One of the favorite parts of our jobs at Eat Real is getting the opportunity to visit the schools participating in our certification program. Recently, our team made three trips across the Bay Area to see first-hand how School Nutrition Directors across the region are transforming school food. We also had the good fortune to dine on some of the delicious dining options being currently served to students in Eat Real school districts.
Mt. Diablo Unified School District
In a special treat for our staff and members of our Board of Directors, we recently had the opportunity to visit Mt. Diablo Unified School District, the first district certified by Eat Real in California. We were welcomed by Dominic Machi, the district’s Director of Food & Nutrition Services and Warehouse and one of the leading school food authorities in the state.
The tour started at one of the most impressive parts of the food service program in Mt. Diablo, a cavernous new warehouse opened in 2021 that serves as a central distribution center for the district’s 52 schools and 32,000 students. Mt. Diablo is committed to sourcing as much food as possible from local sources including Mary’s Chicken, CreamCo Meats, and dozens of other local businesses. As the day came to end, we enjoyed a school staple for lunch: pizza! However, this wasn’t any ordinary pizza. It was prepared with a locally-made whole grain crust, low sugar tomato sauce, and organic, grass-fed cheese.
One of the main outcomes of Eat Real’s certification program is to help schools re-imagine lunch classics to make them more nutritious for students. The pizza we enjoyed at Mt. Diablo is just one example of this work in action!
Natomas Unified School District
As one of Eat Real’s newest cohort of school partners and one of the most diverse school districts in America, it was an honor for our team to recently meet with school nutrition leaders at Natomas Unified School District. Joining us were representatives from Raley’s and Kitchen Table Advisors.
Our day started with Vince Caguin, Executive Director of Nutrition Services and Warehousing and Jen Orosco, Director of Nutrition Services and Warehousing showing us around the Natomas central kitchen where food prep is done for the entire district, encompassing 19 schools and 15,000 students.
For lunch, the team got to try two brand new (and delicious!) menu items being tested–a Hawaiian lunch plate and Salvadoran pupusas–and saw a demonstration of how these dishes are made by the district’s chefs. Eat Real emphasizes the importance of incorporating culturally relevant foods into school lunch menus. Natomas does an incredible job of collaborating with their students and staff to make this happen!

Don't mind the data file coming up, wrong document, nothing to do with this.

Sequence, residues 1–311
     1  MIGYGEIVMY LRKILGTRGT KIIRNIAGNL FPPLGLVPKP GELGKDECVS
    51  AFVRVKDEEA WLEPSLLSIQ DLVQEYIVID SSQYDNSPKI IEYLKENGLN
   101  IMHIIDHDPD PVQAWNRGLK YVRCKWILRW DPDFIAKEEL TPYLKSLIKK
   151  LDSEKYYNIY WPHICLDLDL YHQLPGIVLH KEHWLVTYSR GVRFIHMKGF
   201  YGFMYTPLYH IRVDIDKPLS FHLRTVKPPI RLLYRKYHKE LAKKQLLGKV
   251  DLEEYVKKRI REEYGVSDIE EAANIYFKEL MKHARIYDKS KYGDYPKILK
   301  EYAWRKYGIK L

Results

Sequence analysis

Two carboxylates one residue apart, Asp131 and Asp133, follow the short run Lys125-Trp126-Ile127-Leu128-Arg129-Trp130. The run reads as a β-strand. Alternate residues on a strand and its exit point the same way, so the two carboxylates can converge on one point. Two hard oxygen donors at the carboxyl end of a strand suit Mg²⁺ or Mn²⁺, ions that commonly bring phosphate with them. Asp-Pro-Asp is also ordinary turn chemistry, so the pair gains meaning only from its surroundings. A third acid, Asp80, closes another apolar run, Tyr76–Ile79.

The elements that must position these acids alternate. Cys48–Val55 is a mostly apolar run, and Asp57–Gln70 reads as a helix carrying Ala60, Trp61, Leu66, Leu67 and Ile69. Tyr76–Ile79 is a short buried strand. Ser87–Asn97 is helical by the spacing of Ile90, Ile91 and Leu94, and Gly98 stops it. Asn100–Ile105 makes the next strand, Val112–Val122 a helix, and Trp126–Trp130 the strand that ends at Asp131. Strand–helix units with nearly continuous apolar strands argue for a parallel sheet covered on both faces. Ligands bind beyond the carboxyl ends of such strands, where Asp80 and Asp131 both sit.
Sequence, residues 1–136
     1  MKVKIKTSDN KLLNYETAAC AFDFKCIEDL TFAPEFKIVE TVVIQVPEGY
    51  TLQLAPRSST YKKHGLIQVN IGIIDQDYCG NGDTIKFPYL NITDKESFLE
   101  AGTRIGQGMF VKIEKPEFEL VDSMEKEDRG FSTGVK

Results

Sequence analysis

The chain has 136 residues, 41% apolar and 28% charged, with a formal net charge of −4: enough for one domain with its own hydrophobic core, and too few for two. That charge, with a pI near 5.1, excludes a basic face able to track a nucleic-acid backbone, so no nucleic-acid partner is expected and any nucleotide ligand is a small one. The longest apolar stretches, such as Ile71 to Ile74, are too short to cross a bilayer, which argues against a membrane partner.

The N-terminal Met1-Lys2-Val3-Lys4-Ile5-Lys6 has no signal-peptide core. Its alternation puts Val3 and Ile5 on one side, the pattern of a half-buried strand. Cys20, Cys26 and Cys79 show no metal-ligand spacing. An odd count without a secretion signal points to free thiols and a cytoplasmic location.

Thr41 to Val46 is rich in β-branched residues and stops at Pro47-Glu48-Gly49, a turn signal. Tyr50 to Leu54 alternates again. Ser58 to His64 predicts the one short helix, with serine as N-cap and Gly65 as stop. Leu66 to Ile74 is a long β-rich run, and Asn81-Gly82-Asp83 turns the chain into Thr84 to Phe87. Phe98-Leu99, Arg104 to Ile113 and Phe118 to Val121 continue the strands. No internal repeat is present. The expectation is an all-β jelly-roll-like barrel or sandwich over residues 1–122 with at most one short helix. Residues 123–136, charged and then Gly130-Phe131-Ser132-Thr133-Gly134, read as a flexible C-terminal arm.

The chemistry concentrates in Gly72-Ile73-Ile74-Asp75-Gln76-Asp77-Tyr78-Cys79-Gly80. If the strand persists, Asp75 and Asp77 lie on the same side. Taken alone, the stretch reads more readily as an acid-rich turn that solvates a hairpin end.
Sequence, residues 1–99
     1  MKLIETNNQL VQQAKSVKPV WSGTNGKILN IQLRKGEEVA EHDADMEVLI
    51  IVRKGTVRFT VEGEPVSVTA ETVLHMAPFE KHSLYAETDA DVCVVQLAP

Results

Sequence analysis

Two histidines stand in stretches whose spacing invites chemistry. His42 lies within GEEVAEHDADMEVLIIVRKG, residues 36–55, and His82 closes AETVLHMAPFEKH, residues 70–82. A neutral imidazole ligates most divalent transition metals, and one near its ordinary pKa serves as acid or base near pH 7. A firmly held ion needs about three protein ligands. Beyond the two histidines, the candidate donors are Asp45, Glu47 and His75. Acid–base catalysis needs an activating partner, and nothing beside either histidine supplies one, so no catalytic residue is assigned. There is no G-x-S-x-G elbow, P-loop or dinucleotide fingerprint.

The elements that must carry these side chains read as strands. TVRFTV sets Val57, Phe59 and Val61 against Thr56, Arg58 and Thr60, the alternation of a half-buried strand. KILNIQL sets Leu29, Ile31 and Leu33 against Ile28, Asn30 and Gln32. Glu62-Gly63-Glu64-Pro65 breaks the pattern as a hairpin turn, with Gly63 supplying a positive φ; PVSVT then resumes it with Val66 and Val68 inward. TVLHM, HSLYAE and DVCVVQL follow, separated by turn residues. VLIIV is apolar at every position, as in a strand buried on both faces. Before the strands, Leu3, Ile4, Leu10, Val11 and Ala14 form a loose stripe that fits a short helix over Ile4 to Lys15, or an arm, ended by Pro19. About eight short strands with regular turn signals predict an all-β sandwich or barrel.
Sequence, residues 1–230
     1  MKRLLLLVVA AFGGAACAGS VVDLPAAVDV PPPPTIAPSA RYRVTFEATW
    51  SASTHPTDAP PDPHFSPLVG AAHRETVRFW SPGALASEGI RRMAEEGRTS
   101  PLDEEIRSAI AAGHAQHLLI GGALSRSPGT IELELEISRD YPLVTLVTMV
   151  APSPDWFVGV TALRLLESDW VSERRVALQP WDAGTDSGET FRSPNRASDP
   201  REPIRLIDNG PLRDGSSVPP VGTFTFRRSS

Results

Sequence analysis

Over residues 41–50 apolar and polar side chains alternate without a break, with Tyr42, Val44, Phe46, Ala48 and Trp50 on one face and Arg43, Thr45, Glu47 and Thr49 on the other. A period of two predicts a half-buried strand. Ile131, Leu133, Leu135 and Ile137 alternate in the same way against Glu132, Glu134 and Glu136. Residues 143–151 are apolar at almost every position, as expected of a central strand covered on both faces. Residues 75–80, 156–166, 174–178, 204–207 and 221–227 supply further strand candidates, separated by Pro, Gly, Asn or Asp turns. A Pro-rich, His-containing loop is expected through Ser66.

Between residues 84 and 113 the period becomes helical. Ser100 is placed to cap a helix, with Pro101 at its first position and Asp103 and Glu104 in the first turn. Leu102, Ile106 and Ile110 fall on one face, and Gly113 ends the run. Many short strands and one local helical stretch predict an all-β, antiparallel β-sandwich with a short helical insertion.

Morgan Hill Unified School District
On a recent sunny morning in the South Bay, the Eat Real team was joined by representatives from the Obama Presidential Foundation, Vitamix Foundation, Edible Schoolyard Project, and the Alice Waters Institute for a tour of two schools within Morgan Hill Unified School District. Upon arrival, we were greeted by the Director of Student Nutrition, Michael Jochner, and saw first hand the healthy lunch options on display for elementary age students at El Toro Health Science Academy. On the day we were there, baby carrots and locally grown navel oranges were two of the popular items selected by students.
Next, we made the short trip down the road to Live Oak High School where we saw the district’s leading school food program in action and got to tour Morgan Hill’s high-tech Freight Farm–a fully functional shipping container farm that allows the school district to grow 60% of the lettuce needed for the entire school district on site with less than 5 gallons of water a day!
After dining on a delicious school lunch of chef’s salads and teriyaki chicken with brown rice, we thanked our hosts and hit the road.
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